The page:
Booze on domestic flights coming
The Ministry of Civil Aviation is contemplating allowing locally made “mild alcoholic beverages” (wine and beer) on board domestic airlines, reports Samiran Saha.Updated: Apr 01, 2008 01:07 IST
For those who love their daily tipple the sky will no longer be the limit.
Sources say the Ministry of Civil Aviation is contemplating allowing locally made “mild alcoholic beverages” (wine and beer) on board domestic airlines.
However when the bars in the sky will be opened has not been decided. “We have had representations from growers of sugarcane, barley and hops (ingredients for making beer) keen on mild alcoholic beverages being served on domestic flights. It is an international norm. Why shouldn’t the domestic carriers serve it?” asks a source in the civil aviation ministry.
The Federation of Indian Airlines (FIA) has also been making representations to the government for allowing domestic carriers to serve wine and beer on board domestic carriers.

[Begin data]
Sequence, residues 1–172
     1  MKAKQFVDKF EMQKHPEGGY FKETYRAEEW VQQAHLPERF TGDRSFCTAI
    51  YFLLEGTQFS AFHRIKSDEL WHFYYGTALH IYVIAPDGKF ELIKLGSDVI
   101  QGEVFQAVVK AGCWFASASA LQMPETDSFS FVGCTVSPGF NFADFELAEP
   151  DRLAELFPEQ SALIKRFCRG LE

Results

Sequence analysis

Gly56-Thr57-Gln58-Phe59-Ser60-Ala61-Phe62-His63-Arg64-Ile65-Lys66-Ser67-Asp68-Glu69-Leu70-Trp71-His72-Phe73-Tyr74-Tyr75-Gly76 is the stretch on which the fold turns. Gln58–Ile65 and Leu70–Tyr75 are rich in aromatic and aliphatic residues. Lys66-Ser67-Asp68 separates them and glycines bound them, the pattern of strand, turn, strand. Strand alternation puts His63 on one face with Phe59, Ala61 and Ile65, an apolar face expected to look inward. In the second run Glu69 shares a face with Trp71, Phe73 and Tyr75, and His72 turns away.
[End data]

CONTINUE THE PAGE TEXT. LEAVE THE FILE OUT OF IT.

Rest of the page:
Currently, sale and consumption of alcohol on domestic flights is prohibited by a Government order.
The consultative committee on civil aviation is in favour of “mild alcoholic beverage” being served on domestic flights. Airlines feel the practice will help improve bottom-lines.
Says Jitendra Bhargava, executive director of state-run carrier Air India, “Once the policy is in place we will also abide by it. We have to compete with other airlines,” he said.
Fliers reactions on the proposal are mixed. “How does it matter if you are enjoying a drink on the ground or 30,000 feet above it,” says a frequent flier. However women’s organisations are against the move. “It will lead to a rise in incidents of drunken misbehaviour,” says former National Commission for Women chairperson Girija Vyas.
Those who serve: USA, UK, Spain, France, Australia, Russia, Armenia, South Africa
Those who don’t: Pakistan, UAE, most West Asian countries
Banned in India about a decade ago, after repeated complaints of unruly behaviour by fliers after consumption of alcohol.